Indian scientists protest congress speakers discrediting works of Newton, Einstein
MUMBAI (Reuters) – Indian scientists have protested about claims made at a local science conference that rubbish the work of some of the world’s greatest physicists and suggest modern breakthroughs such as in-vitro fertilisation were in fact invented in ancient India.
In a lecture at the Indian Science Congress and posted on YouTube, one speaker, Kannan Jegathala Krishnan said Isaac Newton was wrong about gravity, Albert Einstein made a “big blunder” and questioned Stephen Hawking’s achievements.
Another speaker, G. Nageswara Rao, a vice-chancellor at Andhra University in southern India, used stories from Indian epics Ramayana and Mahabharata as proof the people of ancient India had aircraft, test-tube babies and that stem-cell research “was done in this country thousands of years ago”.
While organisers of the congress have promised to make changes for next year’s event following the criticism, Soumitro Banerjee, a physics professor and general secretary of non-profit Breakthrough Science Society, told Reuters the comments lent respectability to absurd theories.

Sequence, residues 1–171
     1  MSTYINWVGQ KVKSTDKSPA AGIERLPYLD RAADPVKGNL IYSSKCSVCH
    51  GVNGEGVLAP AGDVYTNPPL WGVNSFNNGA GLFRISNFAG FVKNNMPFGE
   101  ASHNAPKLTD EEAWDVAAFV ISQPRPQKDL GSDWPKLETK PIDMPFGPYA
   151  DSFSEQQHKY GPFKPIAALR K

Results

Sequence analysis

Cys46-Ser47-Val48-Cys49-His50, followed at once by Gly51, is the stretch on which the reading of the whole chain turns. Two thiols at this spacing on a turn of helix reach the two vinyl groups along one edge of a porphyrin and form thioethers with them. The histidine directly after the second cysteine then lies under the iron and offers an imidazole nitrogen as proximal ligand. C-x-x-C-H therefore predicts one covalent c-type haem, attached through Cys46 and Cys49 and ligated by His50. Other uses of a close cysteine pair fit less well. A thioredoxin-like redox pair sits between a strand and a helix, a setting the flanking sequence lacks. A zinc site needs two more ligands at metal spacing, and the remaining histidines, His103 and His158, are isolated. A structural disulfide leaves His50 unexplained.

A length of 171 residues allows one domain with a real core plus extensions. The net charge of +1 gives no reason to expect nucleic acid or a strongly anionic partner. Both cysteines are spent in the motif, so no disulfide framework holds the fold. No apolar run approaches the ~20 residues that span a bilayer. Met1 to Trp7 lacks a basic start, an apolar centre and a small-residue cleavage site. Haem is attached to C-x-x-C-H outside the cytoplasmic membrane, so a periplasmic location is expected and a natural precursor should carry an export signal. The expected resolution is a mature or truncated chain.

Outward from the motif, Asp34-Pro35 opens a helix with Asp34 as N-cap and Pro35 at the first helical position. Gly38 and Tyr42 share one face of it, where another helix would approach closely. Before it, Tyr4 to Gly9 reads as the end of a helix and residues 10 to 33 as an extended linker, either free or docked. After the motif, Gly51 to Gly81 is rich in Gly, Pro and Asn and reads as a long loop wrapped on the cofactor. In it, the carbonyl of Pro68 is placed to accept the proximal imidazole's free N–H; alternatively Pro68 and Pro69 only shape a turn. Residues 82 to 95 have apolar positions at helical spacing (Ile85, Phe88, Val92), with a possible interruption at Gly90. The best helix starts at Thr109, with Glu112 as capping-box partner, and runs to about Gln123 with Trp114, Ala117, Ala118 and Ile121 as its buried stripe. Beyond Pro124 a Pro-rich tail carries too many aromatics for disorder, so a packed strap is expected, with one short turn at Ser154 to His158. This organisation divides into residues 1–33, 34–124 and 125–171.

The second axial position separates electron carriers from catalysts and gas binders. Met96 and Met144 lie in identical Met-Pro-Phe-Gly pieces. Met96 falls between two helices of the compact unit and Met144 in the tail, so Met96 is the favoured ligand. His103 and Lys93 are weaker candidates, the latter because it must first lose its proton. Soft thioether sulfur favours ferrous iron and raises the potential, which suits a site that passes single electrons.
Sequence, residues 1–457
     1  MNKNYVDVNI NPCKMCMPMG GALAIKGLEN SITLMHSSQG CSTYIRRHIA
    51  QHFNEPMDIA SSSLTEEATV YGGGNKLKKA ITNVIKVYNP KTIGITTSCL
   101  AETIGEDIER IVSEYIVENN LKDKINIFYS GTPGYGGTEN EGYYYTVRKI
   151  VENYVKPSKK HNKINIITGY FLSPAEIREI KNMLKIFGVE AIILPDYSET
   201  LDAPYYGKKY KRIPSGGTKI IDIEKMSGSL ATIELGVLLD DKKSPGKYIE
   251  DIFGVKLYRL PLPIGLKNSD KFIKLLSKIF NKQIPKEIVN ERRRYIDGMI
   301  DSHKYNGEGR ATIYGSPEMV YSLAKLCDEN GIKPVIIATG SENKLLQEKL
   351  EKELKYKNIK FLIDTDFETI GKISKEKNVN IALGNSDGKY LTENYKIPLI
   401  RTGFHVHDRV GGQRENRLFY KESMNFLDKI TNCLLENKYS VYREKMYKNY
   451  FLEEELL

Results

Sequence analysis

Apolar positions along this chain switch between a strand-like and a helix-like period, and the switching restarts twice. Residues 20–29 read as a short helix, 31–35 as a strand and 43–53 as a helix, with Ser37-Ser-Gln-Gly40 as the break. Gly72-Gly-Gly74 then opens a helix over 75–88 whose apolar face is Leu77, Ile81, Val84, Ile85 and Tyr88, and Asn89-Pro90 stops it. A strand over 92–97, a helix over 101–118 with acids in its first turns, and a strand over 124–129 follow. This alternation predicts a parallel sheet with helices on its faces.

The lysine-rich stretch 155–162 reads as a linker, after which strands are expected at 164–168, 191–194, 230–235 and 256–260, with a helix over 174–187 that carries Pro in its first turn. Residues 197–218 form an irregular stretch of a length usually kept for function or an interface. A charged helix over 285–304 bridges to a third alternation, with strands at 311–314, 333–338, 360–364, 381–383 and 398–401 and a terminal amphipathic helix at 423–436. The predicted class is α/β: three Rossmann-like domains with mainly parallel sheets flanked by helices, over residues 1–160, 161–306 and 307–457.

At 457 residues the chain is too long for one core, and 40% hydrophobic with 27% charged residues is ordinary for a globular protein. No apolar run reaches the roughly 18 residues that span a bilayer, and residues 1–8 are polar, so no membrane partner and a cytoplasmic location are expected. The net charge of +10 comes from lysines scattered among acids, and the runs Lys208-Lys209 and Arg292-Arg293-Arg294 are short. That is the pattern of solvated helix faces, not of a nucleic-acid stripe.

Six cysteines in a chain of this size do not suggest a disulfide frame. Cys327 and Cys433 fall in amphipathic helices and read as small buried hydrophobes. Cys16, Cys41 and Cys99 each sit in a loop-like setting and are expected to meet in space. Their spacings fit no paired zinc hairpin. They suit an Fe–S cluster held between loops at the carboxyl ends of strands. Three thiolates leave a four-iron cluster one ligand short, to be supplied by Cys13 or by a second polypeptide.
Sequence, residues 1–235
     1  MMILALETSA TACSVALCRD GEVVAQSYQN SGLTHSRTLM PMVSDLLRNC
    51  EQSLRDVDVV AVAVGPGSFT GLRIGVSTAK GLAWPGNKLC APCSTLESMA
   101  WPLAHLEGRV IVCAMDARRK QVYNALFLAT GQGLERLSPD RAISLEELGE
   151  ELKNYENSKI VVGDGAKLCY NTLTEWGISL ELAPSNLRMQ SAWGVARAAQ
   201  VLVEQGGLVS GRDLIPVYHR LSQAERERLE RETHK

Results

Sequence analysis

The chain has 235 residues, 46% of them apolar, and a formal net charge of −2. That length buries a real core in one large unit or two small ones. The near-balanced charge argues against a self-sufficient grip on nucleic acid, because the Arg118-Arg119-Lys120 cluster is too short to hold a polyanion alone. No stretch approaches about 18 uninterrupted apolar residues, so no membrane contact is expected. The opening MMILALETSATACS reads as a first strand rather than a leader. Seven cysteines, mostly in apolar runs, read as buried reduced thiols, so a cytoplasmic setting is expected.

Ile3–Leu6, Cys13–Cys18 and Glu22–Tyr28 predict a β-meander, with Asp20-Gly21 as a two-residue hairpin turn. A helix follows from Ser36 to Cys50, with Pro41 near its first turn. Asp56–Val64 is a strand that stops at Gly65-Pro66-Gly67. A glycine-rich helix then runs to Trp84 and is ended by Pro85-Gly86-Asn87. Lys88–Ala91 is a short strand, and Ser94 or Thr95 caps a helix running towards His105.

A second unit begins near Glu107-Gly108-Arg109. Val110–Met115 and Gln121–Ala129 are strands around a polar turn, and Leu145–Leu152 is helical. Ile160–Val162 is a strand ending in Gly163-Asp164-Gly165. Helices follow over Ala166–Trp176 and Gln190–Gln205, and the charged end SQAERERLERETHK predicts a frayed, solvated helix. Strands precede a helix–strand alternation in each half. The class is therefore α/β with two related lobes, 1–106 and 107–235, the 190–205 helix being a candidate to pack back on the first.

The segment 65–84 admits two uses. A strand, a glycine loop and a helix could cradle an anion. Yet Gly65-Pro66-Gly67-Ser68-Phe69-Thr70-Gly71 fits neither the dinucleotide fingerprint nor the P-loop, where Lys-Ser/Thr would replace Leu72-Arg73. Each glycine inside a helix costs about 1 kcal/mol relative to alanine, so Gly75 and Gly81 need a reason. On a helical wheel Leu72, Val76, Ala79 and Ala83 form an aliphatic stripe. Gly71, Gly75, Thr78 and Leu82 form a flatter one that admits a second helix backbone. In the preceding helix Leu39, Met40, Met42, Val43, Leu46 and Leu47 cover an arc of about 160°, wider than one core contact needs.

Scientists in Kolkata and five other cities carried placards and held silent demonstrations on Monday against the comments, he said.
“This is very harmful for the growth of scientific temper because these ideas are being propagated through the Science Congress which gives it a respectability,” said Dhruba Mukhopadhyay, a retired professor and the president of the BSS, said.
The conference’s organiser, the Indian Science Congress Association, will soon issue a statement condemning this episode, said Premendu P. Mathur, a general secretary at the body and a professor of biochemistry and molecular biology.
“From next year we have decided that all the people, even top scientists, who want to interact with anybody at the Science Congress, would be asked to submit their abstracts, not to deviate from their abstracts and we will place one of our members there as a moderator.”
The annual Indian Science Congress, which this year ran over five days at a university in northern Punjab state, ended on Monday.